Hypotrichosis simplex leads to gradual hair loss in childhood and researchers have deciphered new hair loss genes responsible for this rare form of hair loss.
Researchers from the University Hospital of Bonn, Germany, present their findings in the renowned journal The American Journal of Human Genetics. Discovering newly analysed hair loss genes, human geneticists from the university focused upon hypotrichosis simplex looking specifically at changes in the LSS gene which leads to the impairment of an important enzyme that has a crucial function in cholesterol metabolism.
What do you know about Hypotrichosis simplex?
During infancy, fine hair is inclined to grow sparsely, and with increasing age, hair loss progresses, conclusively leading to only a few hairs are left on the head and body.
Hypotrichosis simplex is limited to a few hundred families worldwide, as of yet, only a few genes are known that are directly related to the disease.
The researchers examined the coding genes of three families that are not related to each other and are of different ancestry. A total of eight relatives showed the typical symptoms of hair loss. By essentially analysing the hair loss genes, the researchers found that all those affected had mutations in the LSS gene.
Professor Dr. Regina C. Betz from the Institute of Human Genetics at the University Hospital of Bonn explains further: “This gene encodes lanosterol synthase – LSS for short.
“The enzyme plays a key role in cholesterol metabolism. However, the cholesterol blood values of those affected are not changed. There is an alternative metabolic pathway for cholesterol, which plays an important role in the hair follicle and is not related to blood cholesterol levels.”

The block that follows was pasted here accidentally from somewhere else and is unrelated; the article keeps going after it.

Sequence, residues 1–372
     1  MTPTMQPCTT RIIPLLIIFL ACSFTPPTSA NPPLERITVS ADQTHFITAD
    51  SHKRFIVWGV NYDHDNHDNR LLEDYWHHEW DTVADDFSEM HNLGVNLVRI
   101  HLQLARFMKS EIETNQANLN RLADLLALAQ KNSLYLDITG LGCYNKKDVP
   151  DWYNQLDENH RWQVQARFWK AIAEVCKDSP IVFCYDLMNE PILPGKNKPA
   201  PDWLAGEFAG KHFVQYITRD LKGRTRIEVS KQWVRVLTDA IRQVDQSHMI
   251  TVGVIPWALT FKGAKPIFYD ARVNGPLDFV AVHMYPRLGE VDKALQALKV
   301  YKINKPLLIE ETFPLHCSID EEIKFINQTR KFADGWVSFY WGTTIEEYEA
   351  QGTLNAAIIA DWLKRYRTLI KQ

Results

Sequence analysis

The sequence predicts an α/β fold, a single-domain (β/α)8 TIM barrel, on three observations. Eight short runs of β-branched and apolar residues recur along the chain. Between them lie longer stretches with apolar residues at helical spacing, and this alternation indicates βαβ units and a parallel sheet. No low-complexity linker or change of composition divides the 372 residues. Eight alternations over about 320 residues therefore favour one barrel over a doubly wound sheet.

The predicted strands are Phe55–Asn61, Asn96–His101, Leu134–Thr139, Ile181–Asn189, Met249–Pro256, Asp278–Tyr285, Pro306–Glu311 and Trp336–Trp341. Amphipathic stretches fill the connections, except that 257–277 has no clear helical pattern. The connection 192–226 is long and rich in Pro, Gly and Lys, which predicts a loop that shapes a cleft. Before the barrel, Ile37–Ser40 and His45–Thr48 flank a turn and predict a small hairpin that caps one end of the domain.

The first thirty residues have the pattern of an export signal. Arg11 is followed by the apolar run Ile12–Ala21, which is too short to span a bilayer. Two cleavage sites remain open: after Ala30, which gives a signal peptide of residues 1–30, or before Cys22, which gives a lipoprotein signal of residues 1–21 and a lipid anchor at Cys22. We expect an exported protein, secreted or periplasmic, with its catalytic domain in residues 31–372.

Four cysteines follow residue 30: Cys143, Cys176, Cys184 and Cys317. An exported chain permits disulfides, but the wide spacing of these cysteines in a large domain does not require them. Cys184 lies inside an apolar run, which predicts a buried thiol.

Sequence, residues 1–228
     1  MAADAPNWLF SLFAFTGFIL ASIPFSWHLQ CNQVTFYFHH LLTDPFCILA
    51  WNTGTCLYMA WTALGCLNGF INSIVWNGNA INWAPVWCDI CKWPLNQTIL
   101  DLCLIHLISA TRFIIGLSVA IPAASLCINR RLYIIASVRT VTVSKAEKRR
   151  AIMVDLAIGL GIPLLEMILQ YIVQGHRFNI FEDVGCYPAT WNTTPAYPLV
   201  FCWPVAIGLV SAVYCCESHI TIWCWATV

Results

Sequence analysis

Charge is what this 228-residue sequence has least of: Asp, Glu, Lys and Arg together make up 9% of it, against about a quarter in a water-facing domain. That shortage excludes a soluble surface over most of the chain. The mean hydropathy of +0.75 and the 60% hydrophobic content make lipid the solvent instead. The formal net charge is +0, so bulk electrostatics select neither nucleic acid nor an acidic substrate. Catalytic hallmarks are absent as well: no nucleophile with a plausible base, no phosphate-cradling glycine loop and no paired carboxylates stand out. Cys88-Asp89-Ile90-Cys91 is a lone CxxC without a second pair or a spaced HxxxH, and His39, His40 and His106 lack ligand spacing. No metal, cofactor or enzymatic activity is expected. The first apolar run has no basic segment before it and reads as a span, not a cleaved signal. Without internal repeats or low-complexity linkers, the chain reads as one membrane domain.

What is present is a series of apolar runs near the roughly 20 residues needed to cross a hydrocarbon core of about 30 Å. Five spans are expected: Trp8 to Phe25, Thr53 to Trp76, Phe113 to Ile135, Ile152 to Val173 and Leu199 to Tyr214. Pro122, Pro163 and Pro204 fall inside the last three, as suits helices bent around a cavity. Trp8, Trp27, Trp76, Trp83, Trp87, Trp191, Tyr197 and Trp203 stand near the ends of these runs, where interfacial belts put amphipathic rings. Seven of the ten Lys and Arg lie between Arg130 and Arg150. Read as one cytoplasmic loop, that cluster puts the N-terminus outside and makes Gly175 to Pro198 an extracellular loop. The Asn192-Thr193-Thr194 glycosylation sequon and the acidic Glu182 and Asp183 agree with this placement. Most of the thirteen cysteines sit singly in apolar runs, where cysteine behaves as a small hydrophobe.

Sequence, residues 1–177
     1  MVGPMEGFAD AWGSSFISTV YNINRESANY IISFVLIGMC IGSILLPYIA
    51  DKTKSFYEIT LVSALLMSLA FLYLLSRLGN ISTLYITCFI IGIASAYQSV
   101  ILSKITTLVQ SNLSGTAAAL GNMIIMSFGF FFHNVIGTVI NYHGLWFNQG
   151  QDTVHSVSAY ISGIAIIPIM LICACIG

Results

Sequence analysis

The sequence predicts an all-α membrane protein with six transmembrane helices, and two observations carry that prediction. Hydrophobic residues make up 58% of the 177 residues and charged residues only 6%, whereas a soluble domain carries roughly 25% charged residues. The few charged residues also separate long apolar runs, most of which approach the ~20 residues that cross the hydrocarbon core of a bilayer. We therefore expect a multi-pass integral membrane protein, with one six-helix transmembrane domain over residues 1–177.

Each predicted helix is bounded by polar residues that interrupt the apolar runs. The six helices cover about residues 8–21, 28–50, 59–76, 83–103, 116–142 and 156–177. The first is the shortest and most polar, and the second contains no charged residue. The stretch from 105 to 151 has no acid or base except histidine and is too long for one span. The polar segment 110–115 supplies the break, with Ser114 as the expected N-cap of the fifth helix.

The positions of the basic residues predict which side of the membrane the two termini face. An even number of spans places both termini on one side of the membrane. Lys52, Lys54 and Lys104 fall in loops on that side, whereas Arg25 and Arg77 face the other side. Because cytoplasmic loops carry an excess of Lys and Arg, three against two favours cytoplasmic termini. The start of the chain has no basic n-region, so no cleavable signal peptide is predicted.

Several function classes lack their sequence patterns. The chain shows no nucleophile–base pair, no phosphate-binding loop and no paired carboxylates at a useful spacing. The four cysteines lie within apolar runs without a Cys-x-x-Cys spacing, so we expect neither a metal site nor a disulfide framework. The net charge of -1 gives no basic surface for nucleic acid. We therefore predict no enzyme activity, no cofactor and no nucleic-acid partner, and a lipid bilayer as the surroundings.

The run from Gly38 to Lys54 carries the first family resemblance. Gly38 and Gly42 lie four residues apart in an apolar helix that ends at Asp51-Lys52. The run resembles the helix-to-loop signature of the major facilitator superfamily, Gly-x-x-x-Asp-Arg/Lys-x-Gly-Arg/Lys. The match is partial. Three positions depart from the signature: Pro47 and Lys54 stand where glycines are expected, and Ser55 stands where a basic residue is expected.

Details of the research
Mutation of genes lead to displacement of lanosterol synthase, and using tissue samples, the scientists tried to find out exactly where the lanosterol synthase is located in the hair follicle cells.
If the LSS gene is not mutated, the associated enzyme is located in a system of very fine channels in the follicle cells, the endoplasmic reticulum. If a mutation is present, the lanosterol synthase also spreads outside these channels into the adjacent substance, the cytosol.
“We are not yet able to say why the hair is falling out,” says lead author Maria-Teresa Romano, a doctoral student in Prof. Betz’s team. “It is likely that the displacement of LSS from the endoplasmic reticulum results in a malfunction.”
Hair loss genes: decoding the puzzle
For the scientists, the current study result is a critical finding: each gene decoded is yet another part of the jigsaw and allows researchers to complete the picture of the biological basis of the condition.
“A better understanding of the causes of the disease may in future enable new approaches to the treatment of hair loss,” said the human geneticist.
But there is still a long way to go. However, the discovery of the gene already contributes to an improved diagnosis of the rare disease and have further insight into hair loss genes.
Betz concludes: “Those affected by hypotrichosis simplex only have to deal with hair loss. This is upsetting, but other organs are not affected.”